Store flag in session state
Manually verify in every other method
Log-in Method
Client side:
Enable cookies
Use log-in method before calling sensitive
methods
Can encapsulate in wrapper class
constructor
public class SecureCalculator : WebService
{
bool IsAuthenticated
{
get{
object state = Session["IsAuthenticated"];
if(state != null)
{
return (bool)state;
}
//Must be first request in session
IsAuthenticated = false;
return false;
}
set
{
Session["IsAuthenticated"] = value;
}
}
[WebMethod(EnableSession=true)]
public bool LogIn(string userName,string password)
{
UserManager userManager = new UserManager();
bool authenticated = userManager.Authenticate(userName,password);
IsAuthenticated = authenticated;
return authenticated;
}
[WebMethod(EnableSession=true)]
public void LogOut()
{
IsAuthenticated = false;
}
[WebMethod(EnableSession=true)]
public int Add(int num1,int num2)
{
if(IsAuthenticated == false)
{
throw new UnauthorizedAccessException("Invalid user name or
password passed to this web service");
}
return num1+num2;
}
}
//Client-side
SecureCalculator calc = new SecureCalculator();
calc.LogIn("UserName","Password");
calc.Add(2,3);
calc.LogOut();
calc.Add(2,3); //Throws exception
Log-in Method
Can factor logon functionality to a base
class
Constructor installs custom principal
Web methods declaratively demand
authentication
public class LogInCalculator : LogInWebService
{
[PrincipalPermission(SecurityAction.Demand,Authenticated = true)]
[WebMethod(EnableSession=true)]//Required!
public int Add(int num1,int num2)
{
return num1+num2;
}
}
Soap Headers Authentication
Can add custom information to payload
Not just security
Header-state managed automatically
Server side:
Derive a class from SoapHeader
Add credentials as public member
Add header as public member to web service
definition
Use SoapHeader attribute on sensitive
methods identifying member by name
Manually authenticate
using System.Web.Services.Protocols;
public class AuthenticationHeader : SoapHeader
{
public string UserName;
public string Password;
}
public class SecureCalculator
{
public AuthenticationHeader AuthHeader;
bool Authenticate()//Helper method
{
UserManager userManager = new UserManager();
return userManager.Authenticate(AuthHeader.UserName,
AuthHeader.Password);
}
[SoapHeader("AuthHeader")]
[WebMethod]
public int Add(int num1,int num2)
{
if(Authenticate()== false)
{
throw new UnauthorizedAccessException("Invalid user name or
password passed to this web service");
}
return num1+num2;
}
}
Soap Headers Authentication
Client side:
WSDL-generated wrapper class has
member corresponding to header
Named after type suffixed by Value
null by default
Instantiate header object
Provide credentials
Assign to wrapper class
Can encapsulate by wrapper class if
credentials static
Soap Headers Authentication
public class AuthenticationHeader : SoapHeader
{
public string UserName;//Members only, no properties
public string Password;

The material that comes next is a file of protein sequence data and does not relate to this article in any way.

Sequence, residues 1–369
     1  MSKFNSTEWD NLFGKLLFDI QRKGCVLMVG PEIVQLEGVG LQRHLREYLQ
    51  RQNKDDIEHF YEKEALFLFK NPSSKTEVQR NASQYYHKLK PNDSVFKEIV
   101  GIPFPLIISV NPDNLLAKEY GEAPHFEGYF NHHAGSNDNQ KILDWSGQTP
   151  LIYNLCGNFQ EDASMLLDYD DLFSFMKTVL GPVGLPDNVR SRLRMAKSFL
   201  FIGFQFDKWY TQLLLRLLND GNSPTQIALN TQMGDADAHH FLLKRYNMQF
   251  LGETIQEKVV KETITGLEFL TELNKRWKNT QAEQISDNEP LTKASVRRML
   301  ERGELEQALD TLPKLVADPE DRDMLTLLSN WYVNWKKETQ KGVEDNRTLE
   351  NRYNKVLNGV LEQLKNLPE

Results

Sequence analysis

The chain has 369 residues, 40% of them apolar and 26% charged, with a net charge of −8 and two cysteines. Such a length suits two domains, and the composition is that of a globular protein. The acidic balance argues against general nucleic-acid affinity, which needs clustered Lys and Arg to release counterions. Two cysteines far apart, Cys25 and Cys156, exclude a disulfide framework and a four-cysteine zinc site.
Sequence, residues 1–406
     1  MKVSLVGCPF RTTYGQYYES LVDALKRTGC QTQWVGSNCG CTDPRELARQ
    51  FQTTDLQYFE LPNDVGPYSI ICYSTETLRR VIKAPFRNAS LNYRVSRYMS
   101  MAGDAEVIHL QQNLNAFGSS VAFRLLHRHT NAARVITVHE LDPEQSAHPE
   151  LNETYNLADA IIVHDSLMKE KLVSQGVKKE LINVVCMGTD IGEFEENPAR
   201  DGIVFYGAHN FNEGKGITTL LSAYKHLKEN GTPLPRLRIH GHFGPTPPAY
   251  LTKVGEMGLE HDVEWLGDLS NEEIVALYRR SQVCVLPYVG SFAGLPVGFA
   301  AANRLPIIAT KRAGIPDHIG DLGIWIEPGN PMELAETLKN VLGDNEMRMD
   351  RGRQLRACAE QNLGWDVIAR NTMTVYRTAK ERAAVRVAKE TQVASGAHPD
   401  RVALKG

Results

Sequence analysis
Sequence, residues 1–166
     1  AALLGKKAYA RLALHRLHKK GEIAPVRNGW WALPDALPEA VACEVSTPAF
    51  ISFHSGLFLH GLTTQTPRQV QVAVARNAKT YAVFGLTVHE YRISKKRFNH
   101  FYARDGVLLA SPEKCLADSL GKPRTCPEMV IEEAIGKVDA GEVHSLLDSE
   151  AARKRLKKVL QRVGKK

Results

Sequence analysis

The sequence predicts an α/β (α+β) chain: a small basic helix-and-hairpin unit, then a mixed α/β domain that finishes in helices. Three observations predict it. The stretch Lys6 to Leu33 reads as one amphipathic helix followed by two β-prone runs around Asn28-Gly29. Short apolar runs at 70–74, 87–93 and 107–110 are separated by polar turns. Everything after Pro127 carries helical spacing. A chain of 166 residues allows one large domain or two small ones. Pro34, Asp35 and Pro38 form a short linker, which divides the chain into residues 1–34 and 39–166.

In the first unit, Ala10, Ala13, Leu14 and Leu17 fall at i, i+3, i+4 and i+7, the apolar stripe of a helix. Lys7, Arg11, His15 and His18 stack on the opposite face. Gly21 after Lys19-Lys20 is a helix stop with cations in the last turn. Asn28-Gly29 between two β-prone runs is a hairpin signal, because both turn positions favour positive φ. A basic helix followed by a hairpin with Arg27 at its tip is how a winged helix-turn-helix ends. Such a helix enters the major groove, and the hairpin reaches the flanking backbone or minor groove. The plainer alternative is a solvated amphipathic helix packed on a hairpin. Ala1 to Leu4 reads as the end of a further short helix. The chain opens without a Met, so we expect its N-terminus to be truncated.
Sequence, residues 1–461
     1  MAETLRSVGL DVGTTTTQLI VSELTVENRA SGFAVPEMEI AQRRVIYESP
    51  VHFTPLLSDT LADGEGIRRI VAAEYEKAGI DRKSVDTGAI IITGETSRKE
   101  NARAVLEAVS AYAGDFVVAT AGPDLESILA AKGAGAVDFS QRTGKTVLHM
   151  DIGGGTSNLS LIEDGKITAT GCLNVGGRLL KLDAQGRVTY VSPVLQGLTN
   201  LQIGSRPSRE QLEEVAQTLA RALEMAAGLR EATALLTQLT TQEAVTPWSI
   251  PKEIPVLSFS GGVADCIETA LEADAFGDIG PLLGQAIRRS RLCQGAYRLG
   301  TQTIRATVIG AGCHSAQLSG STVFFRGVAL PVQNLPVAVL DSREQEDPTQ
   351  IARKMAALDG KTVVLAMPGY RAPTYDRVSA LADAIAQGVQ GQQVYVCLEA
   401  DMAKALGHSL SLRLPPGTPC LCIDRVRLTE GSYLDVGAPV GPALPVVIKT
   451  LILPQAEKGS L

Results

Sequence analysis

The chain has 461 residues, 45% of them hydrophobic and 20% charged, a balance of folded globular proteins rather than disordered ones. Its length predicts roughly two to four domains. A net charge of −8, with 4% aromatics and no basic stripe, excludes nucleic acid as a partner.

}
public class SecureCalculator : SoapHttpClientProtocol
{
public AuthenticationHeader AuthenticationHeaderValue;
//Method wrappers…
}
SecureCalculator calc = new SecureCalculator();
calc.AuthenticationHeaderValue = new AuthenticationHeader();
calc.AuthenticationHeaderValue.UserName = "UserName";
calc.AuthenticationHeaderValue.Password = "Password";
int res = calc.Add(2,3);
Debug.Assert(res == 5);
Soap Headers Authentication
Can issue cookie to optimize credentials
lookup
Payload still contains header info
SOAP Extension
Affects all web methods in web service
Intercepts message before service
invocation
Effectively, .NET to .NET
Can provide generic guest credentials for
unauthenticated users
Can provide processing common to
multiple services
Authentication in Global class
SOAP Extension
Can provide custom message
encryption/decryption
Before message converted into objects
Keys distribution is problematic
Not ideal for true public services
SSL is easier
Encrypts all communication, even non-sensitive
Requires client-side configuration
Programmatic
Administrative
Will be obsolete by GXA / WS-I
WS Security Authentication
Summary
P assw ord in
C lear T ext
R equires
W indow s
O n C onnection
O nly
B asic
Y es
No
Y es
D igest
No
No
Y es
Integrated
No
C lient/S erver
Y es
L og-on m ethod
Y es
No
Y es
Y es
No
S O A P header
w ith cookie
Y es
No
Y es
S O A P E xtension
Y es
C lient/S erver
D epends
S O A P E xtension
w ith encryption
No
C lient/S erver
D epends
S olution
S O A P header
No
WS Impersonation
When using Windows security, .NET
automatically impersonates client
Regardless of authentication mode
When using custom authentication, WS runs
under designated anonymous identity
Even if client provides Windows credentials
With custom identities, service typically
impersonates a designated identity
WS Impersonation
Can manually impersonate client
Log on a Windows account
Impersonation requires authentication
Server-side impersonation
Obtain credentials from login method or
SOAP header
Log-on client using interop
LogonUser()
Security and Impersonation
Server-side impersonation (cont’)
If logon successful
Duplicate security token
Create new Windows Identity
Save impersonation context
Save old security principal
Replace the security principal on both the HTTP
context and current thread
Revert to old identity on call return
.NET Remoting and Security
©2003 IDesign Inc. All rights reserved